May 03, 2012
by Mahmoud Salem
When writing this article, one is quite tempted to take the easy way out: Write about the importance of free speech, how a free press emboldens democracy and provide some sort of semi-horrifying/semi-inspirational anecdote about a journalist who was very brave and faced the odds and now everything is better and democracy stands triumphant, all because of a free press.
And quite naturally, since I am one of the New Media pioneers (remember when it used to be called just blogging? I miss that), not to mention a "voice of the Egyptian revolution", I am supposed to take this stand and advocate that position with all the might and power of the Jan 25 revolution.
I really want to, but … I can't, because there is a problem in the premise and it is one that won't go away anytime soon.
It used to be easy to advocate this point of view, that of a simplistic world where the evil government oppressed the good journalists and bloggers, and where the Internet offered us the only space of freedom of speech that we were allowed to exist in.
The basis of this view was quite evident: The regime used to ban newspapers, arrest journalists, and the journalists would fight back in courts and we would stand in solidarity defending the right to free speech and freedom of the press.
This view was something that I subscribed to until we had the revolution and the regime was gone and for a good while we had no censorship, during which time, slowly but surely, that point of view went through a serious case of deterioration. Let me explain.
FATAL FLAW SURFACES
Before the revolution there were two kinds of press in Egypt: Newspapers that were against the regime and newspapers that were trying to be mediators between the regime and the people (whether by being state-owned media or "centrist" journalistic institutions).
Then the revolution happened and there was suddenly no regime. That is when the fatal flaw showed its face.
The anti-regime newspapers suddenly had no regime to oppose or ministers to expose and the mediating newspapers suddenly had no regime to mediate for. It all went downhill very quickly.
The anti-regime newspapers milked the old regime for all its worth, spending month-upon-month writing about the scandals of the regime and its ex-officials, most of which were articles that were poorly sourced and mostly based on "hearsay" and "truisms" or "common-knowledge".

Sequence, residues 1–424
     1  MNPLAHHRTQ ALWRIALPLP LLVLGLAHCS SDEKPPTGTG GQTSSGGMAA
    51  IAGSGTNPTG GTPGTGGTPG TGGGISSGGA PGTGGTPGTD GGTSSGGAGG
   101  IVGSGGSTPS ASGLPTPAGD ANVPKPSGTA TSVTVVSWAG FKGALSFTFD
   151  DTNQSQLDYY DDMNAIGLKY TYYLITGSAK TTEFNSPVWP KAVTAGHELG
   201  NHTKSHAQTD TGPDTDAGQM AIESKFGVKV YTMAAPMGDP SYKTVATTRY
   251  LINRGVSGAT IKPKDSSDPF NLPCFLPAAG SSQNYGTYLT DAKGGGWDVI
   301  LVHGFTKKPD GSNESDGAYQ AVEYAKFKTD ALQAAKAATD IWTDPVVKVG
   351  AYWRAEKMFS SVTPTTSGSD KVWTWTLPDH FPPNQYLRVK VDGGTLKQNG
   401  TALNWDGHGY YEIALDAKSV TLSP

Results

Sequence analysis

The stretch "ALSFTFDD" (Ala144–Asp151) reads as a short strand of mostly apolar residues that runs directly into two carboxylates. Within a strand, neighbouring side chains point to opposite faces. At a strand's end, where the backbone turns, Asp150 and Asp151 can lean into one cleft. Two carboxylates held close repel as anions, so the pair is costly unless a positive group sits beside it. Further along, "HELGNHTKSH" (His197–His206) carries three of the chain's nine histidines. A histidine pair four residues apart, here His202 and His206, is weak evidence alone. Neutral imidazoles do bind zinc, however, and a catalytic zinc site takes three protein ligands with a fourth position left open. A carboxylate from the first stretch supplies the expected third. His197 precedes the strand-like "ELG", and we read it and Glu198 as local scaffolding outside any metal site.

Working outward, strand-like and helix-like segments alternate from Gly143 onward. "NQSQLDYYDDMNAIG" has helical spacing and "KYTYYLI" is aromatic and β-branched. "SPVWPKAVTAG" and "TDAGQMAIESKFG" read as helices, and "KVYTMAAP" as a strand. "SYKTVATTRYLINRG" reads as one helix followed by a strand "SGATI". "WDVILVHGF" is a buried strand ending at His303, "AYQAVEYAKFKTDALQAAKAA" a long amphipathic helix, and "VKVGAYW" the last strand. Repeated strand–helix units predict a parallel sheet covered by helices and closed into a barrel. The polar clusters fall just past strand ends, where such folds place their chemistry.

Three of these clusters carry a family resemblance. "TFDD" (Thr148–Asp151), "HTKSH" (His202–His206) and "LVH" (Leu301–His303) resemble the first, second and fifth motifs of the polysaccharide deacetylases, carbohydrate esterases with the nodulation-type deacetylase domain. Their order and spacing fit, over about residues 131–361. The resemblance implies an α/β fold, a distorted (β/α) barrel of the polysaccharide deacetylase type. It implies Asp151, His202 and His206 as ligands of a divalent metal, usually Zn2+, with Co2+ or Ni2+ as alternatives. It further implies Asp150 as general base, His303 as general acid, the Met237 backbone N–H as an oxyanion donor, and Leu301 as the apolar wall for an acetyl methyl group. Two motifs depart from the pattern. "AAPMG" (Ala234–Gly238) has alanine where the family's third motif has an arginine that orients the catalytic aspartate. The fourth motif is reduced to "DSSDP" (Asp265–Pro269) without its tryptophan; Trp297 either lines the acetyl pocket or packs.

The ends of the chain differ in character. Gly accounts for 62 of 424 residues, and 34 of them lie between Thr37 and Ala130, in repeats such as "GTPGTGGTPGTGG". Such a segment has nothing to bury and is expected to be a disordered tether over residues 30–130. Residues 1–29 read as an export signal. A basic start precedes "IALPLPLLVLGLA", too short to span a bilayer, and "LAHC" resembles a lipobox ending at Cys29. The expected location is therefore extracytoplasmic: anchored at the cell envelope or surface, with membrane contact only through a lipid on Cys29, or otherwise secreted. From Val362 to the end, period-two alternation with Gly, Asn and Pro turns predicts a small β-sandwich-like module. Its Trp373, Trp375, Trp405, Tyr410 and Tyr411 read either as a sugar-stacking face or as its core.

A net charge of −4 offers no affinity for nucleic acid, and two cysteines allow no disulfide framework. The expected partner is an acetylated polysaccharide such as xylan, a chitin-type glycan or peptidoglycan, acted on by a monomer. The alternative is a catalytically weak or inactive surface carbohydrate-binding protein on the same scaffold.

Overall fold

The mediating newspapers didn't have a single editorial line that they could or were able to follow, which used to lead to opposing headlines on the same topic in two consecutive days, without a hint of an explanation or apology for the 180-degree switch in 24 hours.
At a time in which the whole nation was looking for guidance and truth, the Egyptian press lacked both, despite the fact that they had all the freedom in the world.
Or maybe because of it - because now we had all the freedom, accompanied by zero accountability, and serious resistance to any form of it as well.
Hubris or power-drunk are not the right words, but they are the first to come to mind. And then things got worse.
PRESS BECAME BATTLEFIELD
You see, this model presented the journalists of the old-regime a golden opportunity to do the same thing to revolutionary forces through their old or new media outlets, which led to a series of incredibly false and scandalous reports about the revolution's symbols, none of which they were ever held accountable for.
We suddenly lived in a Huxley-ian world where there was no truth, only narrative, and the people got flooded with such conflicting information that they either believed what they wanted to believe (whether it was "The revolutionaries are foreign agents" or "Mubarak still rules us") or tuned out completely from the entire process and stopped paying attention to any of the current events or caring about their outcome.
Until this day, this still holds true: No one has identified the problem or tried to solve it in any real way, given that all the players have seemingly decided that credibility no longer matters, as long as the content is controversial and sells issues.
So, yeah, after an entire year of this, I am not entirely sure that the free press truly supports democracy in our case. However, it does get people talking, so if silence truly kills democracy, I guess our press is doing its job protecting it.
This article commemorates World Press Freedom Day today. Mahmoud Salem is an Egyptian blogger, activist, writer and entrepreneur. He was also one of the leading voices in the Jan 25, 2011 revolution that brought down Egyptian President Hosni Mubarak.
He is currently involved in many development and transparency projects for a better Egypt.